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Math Help - Ellipses

  1. #1
    Super Member Showcase_22's Avatar
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    Ellipses

    Given 0< a \leq b, define \underline{\psi}:[0, 2 + \infty) \times [0, 2 \pi] \rightarrow \mathbb{R}^2 by \underline{\psi}(r, \theta):=(arcos(\theta),br sin(\theta)).

    Given 0 \leq \theta_1< \theta_2 \leq 2 \pi, calculate the area of the sector of the ellipse \left( \frac{x^2}{a^2} \right)+\left( \frac{y^2}{b^2} \right)=1 defined by \{ \underline{\psi}(r, \theta)|0 \leq r \leq 1, \theta_1 \leq \theta \leq \theta_2 \}.
    My answer is \int_{\theta_1}^{\theta_2} \int_{0}^{1}dr \ d \theta=\theta_2- \theta_1

    Is this correct? I'm slightly worried about my r limits...
    Last edited by Showcase_22; April 24th 2009 at 01:41 AM.
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  2. #2
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    Opalg's Avatar
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    There's certainly something wrong. Surely the answer should be \tfrac12ab(\theta_2 - \theta_1) (a and b must come into it somewhere). But at this time of the evening I don't immediately see how to set up the integral. Maybe my brain will be fresher tomorrow morning.
    Last edited by Opalg; April 24th 2009 at 12:41 AM. Reason: Forgot the factor 1/2
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  3. #3
    Super Member Showcase_22's Avatar
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    I just thought of another way of doing it:

    x=rcos(\theta) and y=rsin(\theta) and then substitute these into the equation for the ellipse. This will give an expression for r in terms of \theta_2 and \theta_1.

    In my original post I let r=1, but the integrand would now be the expression I calculated from above.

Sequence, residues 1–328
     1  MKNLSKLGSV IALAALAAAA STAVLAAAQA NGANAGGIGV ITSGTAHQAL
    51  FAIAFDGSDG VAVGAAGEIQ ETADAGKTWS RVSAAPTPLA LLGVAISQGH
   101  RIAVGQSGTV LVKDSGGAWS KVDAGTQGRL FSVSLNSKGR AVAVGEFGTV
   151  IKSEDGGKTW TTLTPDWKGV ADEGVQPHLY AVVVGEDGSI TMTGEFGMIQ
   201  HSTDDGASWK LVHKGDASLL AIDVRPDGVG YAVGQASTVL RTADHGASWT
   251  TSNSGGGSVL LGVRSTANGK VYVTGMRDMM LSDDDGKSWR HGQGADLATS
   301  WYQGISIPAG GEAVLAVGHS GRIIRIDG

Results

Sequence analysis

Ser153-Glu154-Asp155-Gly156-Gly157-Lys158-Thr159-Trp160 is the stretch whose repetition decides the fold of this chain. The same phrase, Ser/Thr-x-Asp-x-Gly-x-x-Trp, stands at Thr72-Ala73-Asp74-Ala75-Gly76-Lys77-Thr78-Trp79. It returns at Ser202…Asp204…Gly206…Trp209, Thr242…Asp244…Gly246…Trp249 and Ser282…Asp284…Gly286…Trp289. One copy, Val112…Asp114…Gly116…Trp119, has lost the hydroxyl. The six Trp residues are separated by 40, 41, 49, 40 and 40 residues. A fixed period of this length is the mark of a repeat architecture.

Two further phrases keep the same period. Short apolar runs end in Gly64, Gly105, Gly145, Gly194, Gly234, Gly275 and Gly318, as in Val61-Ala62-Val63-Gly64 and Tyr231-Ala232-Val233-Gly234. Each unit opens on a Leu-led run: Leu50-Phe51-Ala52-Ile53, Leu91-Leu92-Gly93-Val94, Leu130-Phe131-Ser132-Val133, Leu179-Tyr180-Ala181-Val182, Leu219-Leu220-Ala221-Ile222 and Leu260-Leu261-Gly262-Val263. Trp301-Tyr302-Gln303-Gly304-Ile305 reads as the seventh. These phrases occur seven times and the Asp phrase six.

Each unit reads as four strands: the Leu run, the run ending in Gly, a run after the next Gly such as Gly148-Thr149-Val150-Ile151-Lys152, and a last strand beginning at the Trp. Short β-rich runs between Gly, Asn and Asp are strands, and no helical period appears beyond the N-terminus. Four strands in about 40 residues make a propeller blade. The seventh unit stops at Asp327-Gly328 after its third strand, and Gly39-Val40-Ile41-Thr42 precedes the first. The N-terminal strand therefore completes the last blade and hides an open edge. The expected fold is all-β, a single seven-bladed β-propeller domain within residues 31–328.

It's a little late to try this now, i'll try it tomorrow.

    Does anyone think this method will work?
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  4. #4
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    The difficulty with this problem is that the notation is misleading. The variables r and θ are not polar coordinates. They refer not to the point (r\cos\theta,r\sin\theta), but to the point \psi(r,\theta) = (ar\cos\theta,br\sin\theta).

    When you transform an integral \iint f(x,y)\,dxdy to polar coordinates, you have to replace dxdy by rdrdθ. The reason for the additional r is that it is the absolute value of the Jacobian determinant of the change of coordinates. For the variables r, θ in this problem, the Jacobian determinant is \begin{vmatrix}\frac{\partial}{\partial r}(ar\cos\theta)& \frac{\partial}{\partial \theta}(ar\cos\theta)\\ \frac{\partial}{\partial r}(br\sin\theta)& \frac{\partial}{\partial \theta}(br\sin\theta)\end{vmatrix} = \begin{vmatrix}a\cos\theta& -ar\sin\theta\\ b\sin\theta& br\cos\theta\end{vmatrix} = abr.

    So the integral for the area of that sector of the ellipse is \int_{\theta_1}^{\theta_2}\!\!\int_0^1abr\,drd\the  ta = \tfrac12ab(\theta_2-\theta_1).
    Last edited by Opalg; April 24th 2009 at 11:47 AM.
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